For these reasons, the trial court properly limited its judgment on the second cause of action to a return by defendants to plaintiffs of the polyscopes and letters patent, but it erred in failing to condition delivery upon a repayment by plaintiffs to defendants of the $5,000 received.
 The remaining question is whether plaintiffs were also entitled to the relief granted by the judgment on their first cause of action — possession of the two polyscopes and $20,000 damages for the unlawful withholding. In their complaint, plaintiffs entitled this cause as one in "claim and delivery." However, in their supplemental brief, their position is clarified by their response to questions propounded by this court. These two questions, among others, were asked: "Is the cause of action in claim and delivery (a provisional remedy) asserted as an aid to restitution and as an election to seek that relief rather than damages?"; "Or is the cause of action for claim and delivery asserted entirely apart from the existence of any claim under or for breach of the contract? If so, what is the basis for such claim to relief apart from any claim under the contract?"
Plaintiffs' reply is: "Because of the repudiation of the contract by the defendants, the plaintiffs treated it as at an end. A perfectly legal action on their part. . . . Under this state of facts the plaintiffs had the following remedies: They could bring an action for damages for breach of contract; they could remain quiet and in the event that the defendants should bring an action against them they could then set up the breach of contract and the resulting damages in defense of such action. They elected to remain passive as to damages for breach of contract. The plaintiffs did avail themselves of the statutory remedy of claim and delivery to recover the polyscopes and, as authorized by the statute, they asked for the possession of their property and damages for its wrongful detention. The plaintiffs, unnecessarily we think, included a second cause of action for a declaration that the contracts were terminated. As we have seen, under the law applied to the acts of the parties, the contracts had been terminated and the court so held. The second cause of action may, therefore, be disregarded. There is no contention the contracts are not at an end."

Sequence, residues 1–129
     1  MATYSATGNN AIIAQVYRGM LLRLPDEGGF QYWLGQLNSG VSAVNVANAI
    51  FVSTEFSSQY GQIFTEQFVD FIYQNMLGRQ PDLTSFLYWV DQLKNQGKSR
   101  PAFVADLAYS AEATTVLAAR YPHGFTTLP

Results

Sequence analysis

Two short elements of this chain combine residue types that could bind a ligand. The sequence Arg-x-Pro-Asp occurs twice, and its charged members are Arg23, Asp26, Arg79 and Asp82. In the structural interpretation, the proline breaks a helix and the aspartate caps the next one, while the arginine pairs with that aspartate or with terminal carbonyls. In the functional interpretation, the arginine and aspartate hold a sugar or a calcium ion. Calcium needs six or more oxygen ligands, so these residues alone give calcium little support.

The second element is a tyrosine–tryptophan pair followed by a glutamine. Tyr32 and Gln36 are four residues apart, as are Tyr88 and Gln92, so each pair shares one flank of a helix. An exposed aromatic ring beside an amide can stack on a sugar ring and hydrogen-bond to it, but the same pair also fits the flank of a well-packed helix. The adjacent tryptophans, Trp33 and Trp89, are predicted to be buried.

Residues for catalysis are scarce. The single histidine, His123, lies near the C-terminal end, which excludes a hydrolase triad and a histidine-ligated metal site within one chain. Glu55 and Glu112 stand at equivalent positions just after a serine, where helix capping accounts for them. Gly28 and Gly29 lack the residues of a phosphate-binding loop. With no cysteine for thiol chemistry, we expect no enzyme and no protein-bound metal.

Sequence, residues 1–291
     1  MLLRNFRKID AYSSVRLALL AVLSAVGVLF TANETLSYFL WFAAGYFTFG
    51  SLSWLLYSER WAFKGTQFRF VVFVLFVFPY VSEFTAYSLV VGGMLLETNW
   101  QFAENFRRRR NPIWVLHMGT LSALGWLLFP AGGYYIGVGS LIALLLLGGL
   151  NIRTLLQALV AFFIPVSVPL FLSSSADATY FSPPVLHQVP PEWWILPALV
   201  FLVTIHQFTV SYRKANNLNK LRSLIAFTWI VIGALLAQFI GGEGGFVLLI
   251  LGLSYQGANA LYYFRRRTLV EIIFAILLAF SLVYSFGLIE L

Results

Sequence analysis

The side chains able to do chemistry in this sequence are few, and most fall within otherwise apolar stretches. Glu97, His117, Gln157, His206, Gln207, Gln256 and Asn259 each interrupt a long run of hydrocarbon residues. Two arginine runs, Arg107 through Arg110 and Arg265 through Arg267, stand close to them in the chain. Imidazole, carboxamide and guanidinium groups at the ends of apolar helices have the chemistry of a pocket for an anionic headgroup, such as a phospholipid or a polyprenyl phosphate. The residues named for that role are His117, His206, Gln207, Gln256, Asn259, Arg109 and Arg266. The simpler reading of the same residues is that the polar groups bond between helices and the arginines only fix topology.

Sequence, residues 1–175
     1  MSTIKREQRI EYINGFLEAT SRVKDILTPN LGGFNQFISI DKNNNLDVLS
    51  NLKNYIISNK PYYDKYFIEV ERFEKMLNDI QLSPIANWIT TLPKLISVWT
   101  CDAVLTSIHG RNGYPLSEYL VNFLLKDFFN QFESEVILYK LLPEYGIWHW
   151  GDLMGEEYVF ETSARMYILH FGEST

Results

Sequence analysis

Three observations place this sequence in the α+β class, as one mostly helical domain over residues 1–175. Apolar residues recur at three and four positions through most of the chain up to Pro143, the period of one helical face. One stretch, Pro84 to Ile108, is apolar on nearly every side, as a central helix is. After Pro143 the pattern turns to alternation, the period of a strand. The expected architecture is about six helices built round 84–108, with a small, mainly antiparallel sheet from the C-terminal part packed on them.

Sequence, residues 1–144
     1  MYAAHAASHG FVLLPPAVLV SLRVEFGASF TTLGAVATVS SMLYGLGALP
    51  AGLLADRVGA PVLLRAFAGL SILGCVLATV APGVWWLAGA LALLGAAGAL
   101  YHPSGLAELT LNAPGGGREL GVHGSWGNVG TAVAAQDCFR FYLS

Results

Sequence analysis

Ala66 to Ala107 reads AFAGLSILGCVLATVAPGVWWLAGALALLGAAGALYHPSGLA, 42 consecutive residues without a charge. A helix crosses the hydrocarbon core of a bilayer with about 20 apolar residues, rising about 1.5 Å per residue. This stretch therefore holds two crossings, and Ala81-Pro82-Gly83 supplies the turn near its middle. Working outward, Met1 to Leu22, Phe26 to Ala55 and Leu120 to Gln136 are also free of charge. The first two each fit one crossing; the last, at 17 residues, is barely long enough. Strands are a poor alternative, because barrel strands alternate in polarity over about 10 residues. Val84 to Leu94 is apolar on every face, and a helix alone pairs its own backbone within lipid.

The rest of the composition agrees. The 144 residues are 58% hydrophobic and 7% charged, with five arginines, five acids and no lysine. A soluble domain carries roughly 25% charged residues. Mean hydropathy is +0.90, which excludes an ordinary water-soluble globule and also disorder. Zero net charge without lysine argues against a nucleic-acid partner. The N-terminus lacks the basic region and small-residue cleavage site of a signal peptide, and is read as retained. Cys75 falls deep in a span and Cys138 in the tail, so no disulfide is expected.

This statement makes it clear that plaintiffs' first cause of action was not asserted as an aid to enforcement of the relief sought by their second cause. By their first cause they attempted to bring a simple suit for the recovery of property entrusted by them to another, a voluntary bailment, and asked damages for wrongful withholding, their theory being that the contract was at an end and eliminated from consideration. This theory of voluntary bailment is reflected in a finding of the trial court to the effect that the polyscopes were not delivered to the defendants because of their payment of $5,000 under the contract, but were delivered to the defendants "for safe-keeping and so that said polyscopes would be conveniently situated for use in carrying out the terms of the said agreement between the parties."
The fallacy in plaintiffs' reasoning is that the termination of the contract by defendants' anticipatory breach did not, as plaintiffs seem to assume, operate of itself to restore the status which existed prior to the making of the contract. Neither did it convert transfers made by reason of the existence of the contract into transfers made as though no contract had ever existed. Upon the election to treat the attempted rescission as an anticipatory breach, the rights of the parties culminated and the contractual relation ceased to exist, except for the purpose of maintaining an action for the recovery of damages or for restitution.